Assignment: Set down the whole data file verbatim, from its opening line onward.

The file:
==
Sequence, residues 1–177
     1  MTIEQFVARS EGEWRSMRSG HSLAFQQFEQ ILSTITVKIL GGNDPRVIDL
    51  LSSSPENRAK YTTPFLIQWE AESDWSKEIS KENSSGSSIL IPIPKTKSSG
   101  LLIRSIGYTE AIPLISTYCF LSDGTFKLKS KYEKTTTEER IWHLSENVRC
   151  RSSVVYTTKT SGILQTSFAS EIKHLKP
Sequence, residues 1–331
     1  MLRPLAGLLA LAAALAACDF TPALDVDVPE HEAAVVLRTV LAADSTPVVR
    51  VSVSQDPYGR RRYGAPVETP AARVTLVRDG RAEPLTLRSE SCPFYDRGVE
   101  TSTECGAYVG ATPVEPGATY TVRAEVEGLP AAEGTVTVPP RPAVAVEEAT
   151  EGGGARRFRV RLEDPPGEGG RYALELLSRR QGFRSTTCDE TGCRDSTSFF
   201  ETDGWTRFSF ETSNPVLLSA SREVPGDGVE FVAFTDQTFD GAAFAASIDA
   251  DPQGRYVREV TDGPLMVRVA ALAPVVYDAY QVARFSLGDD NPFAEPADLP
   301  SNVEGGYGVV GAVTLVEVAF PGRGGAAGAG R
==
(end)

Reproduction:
Sequence, residues 1–177
     1  MTIEQFVARS EGEWRSMRSG HSLAFQQFEQ ILSTITVKIL GGNDPRVIDL
    51  LSSSPENRAK YTTPFLIQWE AESDWSKEIS KENSSGSSIL IPIPKTKSSG
   101  LLIRSIGYTE AIPLISTYCF LSDGTFKLKS KYEKTTTEER IWHLSENVRC
   151  RSSVVYTTKT SGILQTSFAS EIKHLKP
Sequence, residues 1–331
     1  MLRPLAGLLA LAAALAACDF TPALDVDVPE HEAAVVLRTV LAADSTPVVR
    51  VSVSQDPYGR RRYGAPVETP AARVTLVRDG RAEPLTLRSE SCPFYDRGVE
   101  TSTECGAYVG ATPVEPGATY TVRAEVEGLP AAEGTVTVPP RPAVAVEEAT
   151  EGGGARRFRV RLEDPPGEGG RYALELLSRR QGFRSTTCDE TGCRDSTSFF
   201  ETDGWTRFSF ETSNPVLLSA SREVPGDGVE FVAFTDQTFD GAAFAASIDA
   251  DPQGRYVREV TDGPLMVRVA ALAPVVYDAY QVARFSLGDD NPFAEPADLP
   301  SNVEGGYGVV GAVTLVEVAF PGRGGAAGAG R